I think there is a significant difference between being “overweight” and “overfat”. I put on muscle very easily. When I weighed 130 lbs (down from my highest weight of 190), my doctor told me I was “overweight” but that my bodyfat % was normal. I could also run 4 miles straight at that point and my cholesterol was perfect. But there could be other people out there that are 130 lbs with higher bodyfat % and more unhealthy habits that would put them at risk. So it’s very dependent on the individuals themselves, not on the obese population as a whole.

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  11. Jan

    Kelly, thanks for sharing your experience. My family is pretty fat – most of them would fall into the obese range, some in the morbidly obese range. I have family members that even had bariatric surgery. They *do not* eat healthy or balanced by any means, they are not active, several are smokers. *None* of my fat relatives has high blood pressure, high cholesterol,heart problems, diabetes, or osteoporosis. The ones that had bariatric surgery didn’t even have knee problems from lugging their weight around for years. The only people in my family that have had health problems like diabetes or high blood pressure are the normal weight ones – BMIs 24-26, which are in theory the healthiest ones. So what gives?

    Sure, they get winded climbing a flight of stairs, and that is no way to live. But is deadly? I have to say no. The only family members I’ve had with life-threatening problems or early death were normal weight.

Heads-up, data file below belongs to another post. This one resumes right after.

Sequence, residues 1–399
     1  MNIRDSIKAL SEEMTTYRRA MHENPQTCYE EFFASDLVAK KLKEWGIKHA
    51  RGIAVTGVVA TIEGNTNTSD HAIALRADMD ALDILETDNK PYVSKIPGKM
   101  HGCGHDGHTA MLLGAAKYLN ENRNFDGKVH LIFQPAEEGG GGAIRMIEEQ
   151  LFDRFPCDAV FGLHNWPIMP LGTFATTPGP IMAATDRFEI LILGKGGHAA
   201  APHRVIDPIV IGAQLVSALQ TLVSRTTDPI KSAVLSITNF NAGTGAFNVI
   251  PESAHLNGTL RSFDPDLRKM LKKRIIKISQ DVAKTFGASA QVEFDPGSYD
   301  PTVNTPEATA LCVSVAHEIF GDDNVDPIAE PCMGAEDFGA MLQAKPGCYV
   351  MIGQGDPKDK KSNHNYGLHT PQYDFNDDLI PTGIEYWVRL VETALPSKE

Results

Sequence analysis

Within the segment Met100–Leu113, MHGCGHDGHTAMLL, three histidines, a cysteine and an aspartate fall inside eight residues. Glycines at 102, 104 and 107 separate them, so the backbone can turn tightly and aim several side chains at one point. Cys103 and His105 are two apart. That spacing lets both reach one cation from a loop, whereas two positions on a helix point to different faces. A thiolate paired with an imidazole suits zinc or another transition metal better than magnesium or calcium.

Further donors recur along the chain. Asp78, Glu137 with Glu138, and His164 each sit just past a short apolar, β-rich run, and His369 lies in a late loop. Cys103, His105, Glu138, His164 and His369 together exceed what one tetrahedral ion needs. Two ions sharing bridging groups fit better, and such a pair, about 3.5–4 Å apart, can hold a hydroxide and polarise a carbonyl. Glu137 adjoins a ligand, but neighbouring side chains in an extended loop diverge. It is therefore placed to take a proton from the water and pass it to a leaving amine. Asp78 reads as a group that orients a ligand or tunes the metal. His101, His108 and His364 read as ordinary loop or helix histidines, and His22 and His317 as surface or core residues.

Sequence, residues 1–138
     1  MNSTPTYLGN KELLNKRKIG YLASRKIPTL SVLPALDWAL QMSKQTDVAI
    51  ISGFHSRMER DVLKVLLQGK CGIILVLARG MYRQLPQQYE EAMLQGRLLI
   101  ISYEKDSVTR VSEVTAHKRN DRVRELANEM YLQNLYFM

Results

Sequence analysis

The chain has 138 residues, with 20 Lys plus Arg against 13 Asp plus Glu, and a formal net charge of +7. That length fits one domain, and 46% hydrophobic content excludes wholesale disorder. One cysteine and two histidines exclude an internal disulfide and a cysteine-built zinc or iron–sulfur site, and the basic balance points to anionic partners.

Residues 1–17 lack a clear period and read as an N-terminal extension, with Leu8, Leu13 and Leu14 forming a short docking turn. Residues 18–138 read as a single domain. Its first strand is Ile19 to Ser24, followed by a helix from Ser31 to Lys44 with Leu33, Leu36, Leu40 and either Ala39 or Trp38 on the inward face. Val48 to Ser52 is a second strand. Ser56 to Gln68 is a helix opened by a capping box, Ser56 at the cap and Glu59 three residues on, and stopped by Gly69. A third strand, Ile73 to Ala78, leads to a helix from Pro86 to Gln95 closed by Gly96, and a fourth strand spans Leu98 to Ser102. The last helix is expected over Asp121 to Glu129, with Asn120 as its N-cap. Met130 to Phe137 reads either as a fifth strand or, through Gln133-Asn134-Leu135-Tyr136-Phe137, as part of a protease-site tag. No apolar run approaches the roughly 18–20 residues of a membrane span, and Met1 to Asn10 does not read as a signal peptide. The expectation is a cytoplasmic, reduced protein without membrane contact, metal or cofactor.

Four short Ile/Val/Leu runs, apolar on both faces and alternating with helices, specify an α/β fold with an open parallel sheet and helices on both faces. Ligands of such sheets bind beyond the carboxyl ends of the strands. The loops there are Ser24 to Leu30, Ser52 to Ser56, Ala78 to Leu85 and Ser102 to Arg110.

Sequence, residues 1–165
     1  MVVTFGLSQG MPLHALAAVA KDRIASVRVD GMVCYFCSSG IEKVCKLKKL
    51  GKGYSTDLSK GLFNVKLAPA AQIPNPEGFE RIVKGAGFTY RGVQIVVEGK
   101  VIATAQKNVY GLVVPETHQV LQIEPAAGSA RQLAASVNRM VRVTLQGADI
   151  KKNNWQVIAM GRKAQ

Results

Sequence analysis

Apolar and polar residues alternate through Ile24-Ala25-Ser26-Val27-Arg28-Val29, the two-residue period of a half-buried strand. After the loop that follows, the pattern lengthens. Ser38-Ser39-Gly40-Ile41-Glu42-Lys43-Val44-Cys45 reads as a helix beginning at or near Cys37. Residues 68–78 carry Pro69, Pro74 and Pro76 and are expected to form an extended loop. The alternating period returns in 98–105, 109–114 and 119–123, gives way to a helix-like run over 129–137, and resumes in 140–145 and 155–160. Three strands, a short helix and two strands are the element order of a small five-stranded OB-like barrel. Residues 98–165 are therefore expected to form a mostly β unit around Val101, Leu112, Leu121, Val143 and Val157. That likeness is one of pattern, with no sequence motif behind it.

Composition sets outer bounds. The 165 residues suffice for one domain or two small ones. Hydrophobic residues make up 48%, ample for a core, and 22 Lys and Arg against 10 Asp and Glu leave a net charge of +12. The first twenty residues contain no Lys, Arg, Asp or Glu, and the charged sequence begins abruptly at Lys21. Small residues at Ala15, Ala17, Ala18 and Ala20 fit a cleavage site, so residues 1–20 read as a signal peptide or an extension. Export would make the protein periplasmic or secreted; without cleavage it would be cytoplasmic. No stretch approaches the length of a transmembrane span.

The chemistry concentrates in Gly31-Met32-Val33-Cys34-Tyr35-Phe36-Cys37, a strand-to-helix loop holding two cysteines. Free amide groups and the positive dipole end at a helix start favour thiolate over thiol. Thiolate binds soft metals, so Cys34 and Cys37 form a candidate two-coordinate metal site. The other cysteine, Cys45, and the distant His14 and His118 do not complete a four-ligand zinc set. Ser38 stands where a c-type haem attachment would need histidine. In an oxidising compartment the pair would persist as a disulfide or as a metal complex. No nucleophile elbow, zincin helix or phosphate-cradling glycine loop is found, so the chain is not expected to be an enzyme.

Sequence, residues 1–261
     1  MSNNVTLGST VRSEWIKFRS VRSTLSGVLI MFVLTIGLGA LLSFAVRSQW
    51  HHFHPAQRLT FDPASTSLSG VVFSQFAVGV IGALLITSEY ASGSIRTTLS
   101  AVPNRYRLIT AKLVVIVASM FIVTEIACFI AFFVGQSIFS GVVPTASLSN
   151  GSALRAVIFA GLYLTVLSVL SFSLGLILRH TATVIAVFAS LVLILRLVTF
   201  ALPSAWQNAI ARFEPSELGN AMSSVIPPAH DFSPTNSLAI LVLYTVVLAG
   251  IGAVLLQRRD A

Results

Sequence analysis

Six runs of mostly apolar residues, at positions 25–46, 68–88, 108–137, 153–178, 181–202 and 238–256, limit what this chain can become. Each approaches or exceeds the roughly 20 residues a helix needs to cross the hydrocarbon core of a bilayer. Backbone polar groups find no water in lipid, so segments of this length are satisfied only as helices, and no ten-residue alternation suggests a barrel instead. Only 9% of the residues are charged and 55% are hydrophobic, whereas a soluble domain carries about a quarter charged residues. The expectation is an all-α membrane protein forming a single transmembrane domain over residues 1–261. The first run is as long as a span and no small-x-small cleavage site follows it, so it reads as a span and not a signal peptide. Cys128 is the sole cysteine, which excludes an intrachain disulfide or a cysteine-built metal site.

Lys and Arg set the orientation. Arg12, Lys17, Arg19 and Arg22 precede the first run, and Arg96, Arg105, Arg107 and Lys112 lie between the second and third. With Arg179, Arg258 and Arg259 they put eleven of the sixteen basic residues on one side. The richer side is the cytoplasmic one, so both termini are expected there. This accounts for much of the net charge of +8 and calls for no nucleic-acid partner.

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  12. Kelly Cox Semple

    The diet industry makes $46 billion (with a B) a year in the U.S. alone. It is not it their best interest to tell anyone that it’s possible to be fat AND healthy. As a woman who is classified by their standards as “morbidly obese” (a state in which I’ve lived healthily for more than 30 years), I should, by their standards, be dead or at least disease-ridden. How can they explain that I am not? I have normal glucose, blood pressure, and cholesterol. I don’t have diabetes, heart disease, or hypertension. Moreover, I eat a varied combination of nutritious foods in appropriate proportion. But $46 billion convinces a lot of people that it can’t possibly be true.

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  13. Jan

    Michael that is the same way in the US – 25-29 is overweight, 30-39 is obese, and higher than 40 is morbidly obese.

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  14. Michael

    Is the term ‘obese’ really used in the US for people with BMI 26? In Europe, you have to have a BMI of 30 or higher to be called ‘obese’. 26-30 is ‘overweight’ or ‘fat’. If the US uses the same definitions, then obesity really affects your mortality.

    Also, it’s not the obesity that kills you. Obesity in itself doesn’t do much, it’s the increased blood pressure and other complications that follow obesity that are potentially lethal.

    BMI is also a great tool for statistical purposes on large masses, like the population of a city, a state or a country. But on individual level, it’s a really blunt tool. Kind of like using a fork to eat soup. It can be done, but it’s not the right way to do it.